Form automation, which allows clients to generate their own forms
Integration with Zoho’s CRM tools, which pulls in customer data as a data source
Signature collection, both e-signatures and “wet ink”
An offline mode, where your twenty most recent documents and anything new you’ve created are stored offline, than synced when you reconnect
A dark mode
Content creation tweaks, including a “focus typing” mode that highlights the current paragraph and an optional “typewriter” clacking noise that can play as you type.
Zoho Sheet 5
Microsoft has made AI a focus of Excel over the past few years, and the new version of Sheet is no different. Zia is designed to make it easier to parse your data, especially within the mobile version of Zoho’s Sheet.
Within Sheet, Zia will now recommend and construct specific charts, allowing you to drag and drop them within an existing spreadsheet. Zia will also scan your spreadsheet for data and then group it into pivot tables—connected charts that summarize your data, and adjust on the fly. Zia also allows you to query the data using plain English, though it’s not quite clear how deep this capability goes.
Zoho taps AI in other ways, including a new data-cleaning tool that can sift through a spreadsheet and find duplicates and errors. As you enter data, sparklines provide in-cell graphs that can give you a snapshot of trends. Finally, if the AI isn’t enough, you can apply your own with drag-and-drop custom functions, as well as new data APIs. Zoho Sheet now integrates with Zoho Flow and Zapier to provide automated workflows with third-party data.
Other new Sheet features include:
File import/export between OneDrive, Google Drive, box and Dropbox
Three new chart types: histogram, pareto, and wordcloud
Zoom in/out of spreadsheets
Multirange selection support, among others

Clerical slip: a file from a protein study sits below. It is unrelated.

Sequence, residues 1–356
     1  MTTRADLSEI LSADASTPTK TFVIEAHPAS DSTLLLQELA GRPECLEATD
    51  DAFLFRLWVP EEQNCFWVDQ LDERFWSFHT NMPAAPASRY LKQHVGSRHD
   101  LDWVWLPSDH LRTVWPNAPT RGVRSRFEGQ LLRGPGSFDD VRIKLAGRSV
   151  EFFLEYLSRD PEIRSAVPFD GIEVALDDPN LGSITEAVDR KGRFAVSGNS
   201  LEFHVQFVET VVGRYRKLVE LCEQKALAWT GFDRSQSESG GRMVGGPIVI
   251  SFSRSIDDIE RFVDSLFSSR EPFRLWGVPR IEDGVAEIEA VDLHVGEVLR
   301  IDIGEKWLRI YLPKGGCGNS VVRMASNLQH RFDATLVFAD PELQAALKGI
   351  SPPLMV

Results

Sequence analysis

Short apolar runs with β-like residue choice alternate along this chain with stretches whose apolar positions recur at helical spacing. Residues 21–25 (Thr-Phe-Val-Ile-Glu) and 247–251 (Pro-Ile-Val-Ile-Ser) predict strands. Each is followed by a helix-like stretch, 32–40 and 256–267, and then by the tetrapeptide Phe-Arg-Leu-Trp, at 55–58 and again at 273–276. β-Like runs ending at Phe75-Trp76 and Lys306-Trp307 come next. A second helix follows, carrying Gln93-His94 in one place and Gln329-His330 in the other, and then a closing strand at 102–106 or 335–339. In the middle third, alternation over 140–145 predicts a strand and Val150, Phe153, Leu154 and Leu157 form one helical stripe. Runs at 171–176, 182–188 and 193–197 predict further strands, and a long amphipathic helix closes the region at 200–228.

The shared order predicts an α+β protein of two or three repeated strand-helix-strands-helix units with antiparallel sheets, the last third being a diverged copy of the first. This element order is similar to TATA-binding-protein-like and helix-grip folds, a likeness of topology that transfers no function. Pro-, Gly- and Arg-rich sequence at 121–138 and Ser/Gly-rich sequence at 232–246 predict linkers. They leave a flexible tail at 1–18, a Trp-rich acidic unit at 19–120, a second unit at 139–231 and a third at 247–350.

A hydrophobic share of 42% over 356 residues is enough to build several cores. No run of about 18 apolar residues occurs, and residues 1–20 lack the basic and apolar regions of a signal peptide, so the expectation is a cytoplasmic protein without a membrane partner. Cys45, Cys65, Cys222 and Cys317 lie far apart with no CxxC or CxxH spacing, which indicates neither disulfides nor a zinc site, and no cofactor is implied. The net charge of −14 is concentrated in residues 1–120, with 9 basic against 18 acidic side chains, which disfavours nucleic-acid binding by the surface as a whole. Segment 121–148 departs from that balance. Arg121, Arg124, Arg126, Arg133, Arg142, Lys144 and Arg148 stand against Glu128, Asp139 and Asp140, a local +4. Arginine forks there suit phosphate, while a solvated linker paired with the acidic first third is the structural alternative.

The first version of Zoho Notebook looks a lot like Google Keep, and that’s a good thing. Like Keep, the app’s mobile interface appears to be the primary form of interaction, though there’s a web interface as well. (Each syncs to the web automatically.) There are several types of Notebook notes: plain text, a checklist, audio, photo, sketch, file, and a “smart” note.
It’s the last format where Zoho intelligently applies context to a note, such as a recipe. Put a link to a recipe inside a smart note and Zoho Notebook will not only list the entire recipe with illustrations, but turn the ingredient list into a checklist as. Drop a YouTube link into a smart note, and it will open the player; drop a link to a news site and it will expand the story. More types of smart cards or notes will be added over time, Zoho said.
Zoho’s presentation app doesn’t appear to have received as many updates as the other apps, but Zoho’s touting a couple of new features. Its interface allows users to select from a variety of themes, and Show now allows users to run presentations on Apple TVs as well as Android devices, by turning the presenter’s mobile phone into a controller and using it to control the presentation on multiple TVs at once. Again, it’s all free for home use.